FDA Says a 'Public Health Tragedy' Is Underway as Teen E-Cigarette Use Remains Popular
The Food and Drug Administration says that a "public health tragedy" is underway as teen e-cigarette use — with Juul leading in popularity — continues
The Food and Drug Administration says that a “public health tragedy” is underway as teen e-cigarette use continues, but that they are working on plans of action with the major manufactures, including Juul.
After demanding in September that e-cigarette manufacturers submit detailed plans to curb the illegal teen usage, the FDA says they’ve met with the top five companies and will roll out their proposals in November.
Some of the plans include better systems to stop the illegal sales of e-cigarettes to people under 18, limiting the availability of flavored smoke pods and raising the overall tobacco-buying age to 21.
“We are committed to taking the necessary steps to fully confront the epidemic of e-cigarette use that has gripped the nation’s youth and set in motion an accelerating epidemic. I’ve stated clearly, all options are on the table,” FDA commissioner Scott Gottlieb said in statement on Wednesday.
“We found a lot of the same chemicals in the urine of these teenagers that we see in cigarettes. Much lower levels than we see in traditional cigarettes, but higher than what we expect to find from just environmental exposures,” Dr. Martin Rubinstein, the lead author of the study and a professor at the University of California, San Francisco, told Today. “The five main chemicals that we found are either shown to be cancer-causing, or thought to be cancer-causing, either in humans or animals.”
Rubinstein said they don’t yet know the long-term effects of e-cigarettes, but researchers are not optimistic.
“We don’t, so even the fact that these were lower levels is still concerning,” he said. “We don’t know that these kids will continue using these for many years, but should they, we expect to see some of these same negative outcomes that we see with cigarettes.”
But Juul, which controls 74 percent of the market for e-cigarettes, refutes the study, saying that because the teens are self-reporting which products they use it’s not possible to point to one as the culprit. Ashley Gold, Juul’s chief administrative officer, said that they don’t want teens using their products, but highlighted the research that points to e-cigarettes as a less-harmful way to smoke.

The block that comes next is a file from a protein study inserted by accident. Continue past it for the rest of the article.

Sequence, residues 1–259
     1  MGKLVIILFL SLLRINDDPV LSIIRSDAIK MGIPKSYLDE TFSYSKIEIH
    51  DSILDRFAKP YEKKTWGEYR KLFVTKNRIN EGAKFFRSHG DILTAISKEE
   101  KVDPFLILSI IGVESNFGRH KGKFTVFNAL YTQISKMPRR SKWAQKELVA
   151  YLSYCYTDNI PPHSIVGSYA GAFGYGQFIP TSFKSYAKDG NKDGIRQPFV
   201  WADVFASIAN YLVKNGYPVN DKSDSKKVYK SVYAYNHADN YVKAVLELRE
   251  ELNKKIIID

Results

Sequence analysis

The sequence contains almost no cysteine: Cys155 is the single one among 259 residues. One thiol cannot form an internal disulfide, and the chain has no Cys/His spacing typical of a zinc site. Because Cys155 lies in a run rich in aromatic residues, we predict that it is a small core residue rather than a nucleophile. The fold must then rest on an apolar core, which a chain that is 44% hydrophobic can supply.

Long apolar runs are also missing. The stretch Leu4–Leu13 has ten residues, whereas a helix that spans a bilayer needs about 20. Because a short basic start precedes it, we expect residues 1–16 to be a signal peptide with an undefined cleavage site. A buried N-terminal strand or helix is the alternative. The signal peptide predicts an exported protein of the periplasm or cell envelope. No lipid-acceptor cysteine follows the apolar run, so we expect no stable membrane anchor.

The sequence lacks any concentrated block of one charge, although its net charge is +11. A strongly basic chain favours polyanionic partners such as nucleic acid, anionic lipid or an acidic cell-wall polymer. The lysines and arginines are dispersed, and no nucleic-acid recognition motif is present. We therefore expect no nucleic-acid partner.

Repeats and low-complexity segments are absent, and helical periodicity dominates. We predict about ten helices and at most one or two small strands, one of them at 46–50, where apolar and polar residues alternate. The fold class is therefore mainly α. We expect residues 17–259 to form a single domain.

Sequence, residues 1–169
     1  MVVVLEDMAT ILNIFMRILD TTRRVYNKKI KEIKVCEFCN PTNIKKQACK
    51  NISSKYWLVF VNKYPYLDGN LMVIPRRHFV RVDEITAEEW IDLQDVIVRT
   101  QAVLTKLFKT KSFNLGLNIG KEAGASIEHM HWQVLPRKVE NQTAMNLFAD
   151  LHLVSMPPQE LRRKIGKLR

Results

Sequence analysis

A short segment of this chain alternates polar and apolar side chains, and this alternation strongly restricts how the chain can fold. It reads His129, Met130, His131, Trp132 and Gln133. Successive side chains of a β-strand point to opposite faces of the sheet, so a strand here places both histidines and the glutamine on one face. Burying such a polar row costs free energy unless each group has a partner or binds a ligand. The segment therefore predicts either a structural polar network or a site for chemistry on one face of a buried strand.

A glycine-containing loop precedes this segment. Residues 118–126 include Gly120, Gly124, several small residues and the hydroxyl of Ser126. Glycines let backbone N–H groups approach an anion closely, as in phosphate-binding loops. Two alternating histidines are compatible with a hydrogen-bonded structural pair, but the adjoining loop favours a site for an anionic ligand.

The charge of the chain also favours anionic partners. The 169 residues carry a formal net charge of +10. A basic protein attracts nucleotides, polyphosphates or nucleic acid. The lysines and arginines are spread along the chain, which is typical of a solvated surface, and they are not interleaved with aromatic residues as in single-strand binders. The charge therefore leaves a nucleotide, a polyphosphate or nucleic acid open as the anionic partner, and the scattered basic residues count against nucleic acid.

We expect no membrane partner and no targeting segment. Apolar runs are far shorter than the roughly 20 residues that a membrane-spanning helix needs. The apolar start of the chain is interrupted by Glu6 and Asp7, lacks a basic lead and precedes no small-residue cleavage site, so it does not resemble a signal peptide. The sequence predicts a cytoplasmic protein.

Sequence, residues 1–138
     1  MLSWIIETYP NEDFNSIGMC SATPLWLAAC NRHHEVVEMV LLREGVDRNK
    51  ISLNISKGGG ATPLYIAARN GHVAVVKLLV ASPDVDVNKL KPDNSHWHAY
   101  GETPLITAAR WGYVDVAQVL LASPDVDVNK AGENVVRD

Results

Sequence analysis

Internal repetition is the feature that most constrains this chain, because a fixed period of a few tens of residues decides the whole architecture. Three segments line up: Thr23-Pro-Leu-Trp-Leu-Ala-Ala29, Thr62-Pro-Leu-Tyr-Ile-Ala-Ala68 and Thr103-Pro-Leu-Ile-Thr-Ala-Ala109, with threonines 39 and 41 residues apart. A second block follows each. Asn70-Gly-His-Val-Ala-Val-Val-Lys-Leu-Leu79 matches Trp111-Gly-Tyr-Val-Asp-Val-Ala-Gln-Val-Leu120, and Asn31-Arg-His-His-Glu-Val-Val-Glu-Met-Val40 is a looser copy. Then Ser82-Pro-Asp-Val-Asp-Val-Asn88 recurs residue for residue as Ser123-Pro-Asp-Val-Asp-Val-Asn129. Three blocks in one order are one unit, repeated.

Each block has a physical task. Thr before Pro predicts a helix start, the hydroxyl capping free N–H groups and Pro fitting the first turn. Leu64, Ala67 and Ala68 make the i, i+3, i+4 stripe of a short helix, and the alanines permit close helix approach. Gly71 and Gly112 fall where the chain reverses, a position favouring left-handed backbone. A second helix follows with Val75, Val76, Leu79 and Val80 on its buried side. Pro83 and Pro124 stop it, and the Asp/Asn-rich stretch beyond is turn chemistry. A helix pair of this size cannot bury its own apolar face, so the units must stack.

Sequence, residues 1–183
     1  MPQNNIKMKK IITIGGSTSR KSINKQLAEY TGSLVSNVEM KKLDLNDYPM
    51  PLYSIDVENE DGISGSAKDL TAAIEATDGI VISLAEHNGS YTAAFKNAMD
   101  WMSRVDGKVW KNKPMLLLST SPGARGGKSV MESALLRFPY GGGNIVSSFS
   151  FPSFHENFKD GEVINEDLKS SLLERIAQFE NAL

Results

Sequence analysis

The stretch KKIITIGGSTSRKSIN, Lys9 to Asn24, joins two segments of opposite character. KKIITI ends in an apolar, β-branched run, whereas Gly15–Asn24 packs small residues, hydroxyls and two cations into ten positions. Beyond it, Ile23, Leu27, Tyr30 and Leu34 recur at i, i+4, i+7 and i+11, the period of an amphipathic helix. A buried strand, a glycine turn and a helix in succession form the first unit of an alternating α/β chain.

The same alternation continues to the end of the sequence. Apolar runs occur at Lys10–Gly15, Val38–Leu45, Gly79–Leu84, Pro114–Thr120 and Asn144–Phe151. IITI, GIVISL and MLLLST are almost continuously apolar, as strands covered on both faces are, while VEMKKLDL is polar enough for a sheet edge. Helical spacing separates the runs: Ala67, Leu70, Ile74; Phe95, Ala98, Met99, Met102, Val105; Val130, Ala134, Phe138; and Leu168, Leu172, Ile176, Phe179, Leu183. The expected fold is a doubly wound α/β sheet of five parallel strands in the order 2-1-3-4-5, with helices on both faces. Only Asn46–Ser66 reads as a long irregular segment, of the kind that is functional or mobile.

“There’s growing scientific consensus that there’s significantly less toxicants from e-cigarettes than cigarettes,” she told Today. “We know that cigarettes kill half of the people who use them. The potential of vapor technology is to deliver nicotine through an aerosolized form, and avoid combustion, and thereby avoid or significantly reduce the harm resulting from cigarette smoking.”
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But, Gold claimed she was unable to say if Juul has any long-term effects.
“I can’t talk about the safety of the product from a regulatory perspective,” she told investigative reporter Cynthia McFadden. “Juul’s been on the market since 2015. We have data from the time the product was on the market to now, and we will collect data over time.”
Gold did agree, though, that nicotine is addictive, and they don’t want teens using Juuls.
“No there’s no dispute, we’re not disputing that,” she said. “It’s critically important that youth are educated about the harms of nicotine, what we don’t know about e-cigarettes and why. These are not products for them. We agree 100 percent with that.”